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Learning to Love Austrian Food

From Wolfgang Puck to Arnold Schwarzenegger, Austrians have made it big in America. But Austrian food and wine—not so much. Two young Manhattan chefs are working to change that.

Arnold Schwarzenegger credits his strength to pumpkin seed oil," says Austrian-born, New York–based chef Eduard Frauneder (left). "In Austria, you can buy it at the petrol station." In the US, the dark, nutty oil certainly isn't sold at Shell or Exxon, or even most supermarkets. Yet a handful of new restaurants are working to get Americans excited about Austrian cuisine. In Manhattan, Frauneder and Wolfgang Ban own the elegant Seäsonal, which has earned a Michelin star, and they recently launched a second restaurant, Edi & the Wolf, a casual wine bar that highlights obscure central European grapes like Neuburger and Blaufränkisch in a rustic-chic room filled with reclaimed wood sourced from a barn.

Austrian Food: Braised Veal Shoulder
© Michael Turek.
Like Seäsonal, Edi & The Wolf explores the lighter side of Austrian food, marked by frequent use of dill and caraway, savory-sweet flavors and lashings of pumpkin seed oil. Although the chefs do make Austria's famous schnitzel, much of the menu is vegetarian. "Austrians actually have this very granola way of eating," says Frauneder. "There's a lot of muesli and whole grains." Dishes like panko-crusted asparagus with watercress salad and spring vegetable stew with pickled onions aren't stereotypically Austrian. Then again, neither is Schwarzenegger.

Austrian Food: U.S. Spots

Seäsonal and Edi & the Wolf, New York City

Seäsonal is Eduard Frauneder and Wolfgang Ban's Michelin-starred place; Edi & The Wolf is their new wine bar.

Café Kristall, New York City

Kurt Gutenbrunner serves Viennese dishes at his new venture, a sleek café in a Swarovski boutique.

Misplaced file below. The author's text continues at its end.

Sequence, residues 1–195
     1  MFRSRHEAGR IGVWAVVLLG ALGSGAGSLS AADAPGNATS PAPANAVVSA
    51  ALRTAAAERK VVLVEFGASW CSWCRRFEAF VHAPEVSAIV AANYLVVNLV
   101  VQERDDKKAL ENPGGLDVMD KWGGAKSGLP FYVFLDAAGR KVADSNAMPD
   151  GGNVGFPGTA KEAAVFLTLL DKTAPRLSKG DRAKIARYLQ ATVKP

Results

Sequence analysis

Grüner; Portland, OR

Chef Christopher Israel makes Alps-inspired food (buckwheat spaetzle with rabbit, liverwurst canapés) using top local ingredients in a cool, minimalist space. grunerpdx.com.

Grünauer; Kansas City, MO

This Midwestern spot from a Vienna restaurant family updates Austrian classics, such as the pot roast–like tafelspitz.grunauerkc.com.

Leopold's, San Francisco

A beer hall that draws from the owners' Austrian-Italian heritage. Look for schnitzel, strudel and pappardelle.

Austrian Designers

A new wave of Austrian designers are carrying on the tradition of predecessors like Josef Hoffmann and the Wiener Werkstätte.

Design group Polka
Courtesy of Lobmeyr

Modern Stein

The 19th-century Viennese glassmaking company Lobmeyr hired design group Polka to update a traditional beer glass. $137; kneenandco.com.

Design company Feinedinge
Courtesy of Feinedinge

Tea Totem

A stemlike handle is the visual hallmark of the new "Alice" tea collection by Viennese porcelain design company Feinedinge ("fine things"). $200; feinedinge.at.

Austrian company Riess
Courtesy of Dottings

Stylish Storage

Centuries-old Austrian company Riess and buzzy Vienna designers Dottings collaborated on enamel cookware in an array of colors. virages.fr.

Mano Design.
Courtesy of Mano Design

Stag Party

Witty Alpine references mark this porcelain antler plate by Mano Design. $75; florisity.com.

Austrian Grape Guide

Everyone knows Riesling, but what about Rotgipfler? Here, some overlooked Austrian varietals.

Austrian Food and Wine
© Michael Turek

Blaufränkisch

The light- to medium-bodied reds can have floral notes and a Pinot Noir– like silkiness. Producer to try: Moric.

Grüner Veltliner

Loved by sommeliers, these whites are prized for their great minerality and snappy flavors. Producer to try: Weingut Brüdelmayer.

Neuburger

These whites have zingy acidity but honeyed depth of flavor. Producer to try: Weingut Tinhof.

Rotgipfler

From the warm Thermenregion, these whites are rich, juicy and spicy. Producer to try: Weingut Stadlmann.

St-Laurent

Related to Pinot Noir, this grape can produce deeply fruity or restrained reds. Producer to try: Rosi Schuster.

Published May 2011
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